Actors Workshop Theatre presents: ‘The Open House’

If you think your family is dysfunctional, this production may make you feel better

When it comes to family, sometimes it takes perspective to understand how truly lucky we are. The Open House, a new production by the Actors Workshop Theatre, offers audiences a unique opportunity to see this principle play out.

The Open House tells the story of a family living in a dysfunctional home gathering to celebrate an anniversary. Then, for one reason or another, each character leaves the house to run errands or take care of emergencies. Gradually, they are replaced with new people, a nuclear family who tries to buy the home during an open house. As the play progresses, the cold, dysfunctional family is replaced by a warm, loving family.

Five actors play the ten characters in the production, each assuming two roles: one dysfunctional and one healthy. “It’s an interesting process, especially with the characters of Uncle and Brian,” said Lukas Lochrie, one of the actors. “They’re just complete contrasts of each other [and] I believe that’s the intention with a lot of the characters in the show. Uncle is this depressive, very melancholic man. Brian … is the kind of person where someone would spit on him, and he [would] thank them. He’s happy-go-lucky; nothing can keep him down.”

“During the rehearsal process, all the actors make different choices for their characters, and they stick with them, or they make changes,” said Oscar Kolotylo, Stage Manager of TRU’s Actors Workshop Theatre. “[They] make these choices that differentiate between the characters they play. So far, everyone has been doing amazing with the differences between their characters.”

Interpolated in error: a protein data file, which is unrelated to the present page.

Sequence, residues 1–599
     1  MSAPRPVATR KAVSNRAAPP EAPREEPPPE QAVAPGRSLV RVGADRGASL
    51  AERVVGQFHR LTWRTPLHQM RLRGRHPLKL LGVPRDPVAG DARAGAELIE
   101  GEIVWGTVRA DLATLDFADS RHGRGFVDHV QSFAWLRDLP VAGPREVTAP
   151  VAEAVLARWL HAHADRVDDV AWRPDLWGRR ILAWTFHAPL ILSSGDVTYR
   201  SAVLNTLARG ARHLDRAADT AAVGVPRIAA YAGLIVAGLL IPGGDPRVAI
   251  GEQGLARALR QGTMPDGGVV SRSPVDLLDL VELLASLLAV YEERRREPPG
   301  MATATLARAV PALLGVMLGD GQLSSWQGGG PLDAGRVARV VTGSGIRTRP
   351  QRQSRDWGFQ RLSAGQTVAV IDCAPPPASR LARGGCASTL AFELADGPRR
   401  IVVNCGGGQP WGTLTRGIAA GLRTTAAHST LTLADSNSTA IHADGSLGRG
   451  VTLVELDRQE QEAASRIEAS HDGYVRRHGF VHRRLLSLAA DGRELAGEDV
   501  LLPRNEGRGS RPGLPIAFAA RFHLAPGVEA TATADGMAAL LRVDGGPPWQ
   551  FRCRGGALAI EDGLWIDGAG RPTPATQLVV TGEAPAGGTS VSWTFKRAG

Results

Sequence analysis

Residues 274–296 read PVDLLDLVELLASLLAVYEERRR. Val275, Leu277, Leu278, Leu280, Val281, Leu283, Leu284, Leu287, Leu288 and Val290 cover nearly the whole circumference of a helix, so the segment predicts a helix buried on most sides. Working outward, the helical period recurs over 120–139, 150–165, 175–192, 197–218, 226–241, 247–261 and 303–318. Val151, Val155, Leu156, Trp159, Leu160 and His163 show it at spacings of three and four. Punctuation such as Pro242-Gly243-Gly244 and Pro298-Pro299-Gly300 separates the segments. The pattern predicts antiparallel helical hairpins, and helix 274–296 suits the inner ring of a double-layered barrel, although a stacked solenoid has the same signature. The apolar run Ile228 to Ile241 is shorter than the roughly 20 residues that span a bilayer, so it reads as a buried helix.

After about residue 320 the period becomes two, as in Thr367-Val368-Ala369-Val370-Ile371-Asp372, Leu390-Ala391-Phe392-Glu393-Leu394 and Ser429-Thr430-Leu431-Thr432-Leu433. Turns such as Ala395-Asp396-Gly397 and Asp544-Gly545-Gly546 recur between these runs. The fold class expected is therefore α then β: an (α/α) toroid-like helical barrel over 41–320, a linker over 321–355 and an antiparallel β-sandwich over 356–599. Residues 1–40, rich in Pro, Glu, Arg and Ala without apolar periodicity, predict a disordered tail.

Kolotylo said The Open House allows the actors to take advantage of their range, indulge in their creative freedom and form their characters’ personalities and mannerisms.

“The whole practice period up to the first show is six weeks, I think,” said Lochrie. “At the start, it would have been extremely difficult for me, but as we’ve continued, it’s much easier now. I go off [stage], do some breathers, readjust my stature, how I walk, and everything, ‘cause it’s a complete transformation, and I come back on [stage] as a new character, a new man.”

“This production offers a very challenging position,” said Lochrie, “where there is no intermission. It’s just one long production, so you’re on stage almost the entire time. I don’t switch characters from act one to act two. I get ten, twelve minutes, maybe less, to completely switch costumes, switch characters, and adopt a new strikingly different personality. It’s hard, but it comes with the position of being an actor, so it comes [to me], I’d say, quite naturally.”

Get your tickets at the box office or online for The Open House, performed by TRU’s Actors Workshop Theatre from Nov. 16 to 18, and Nov. 23 to 25.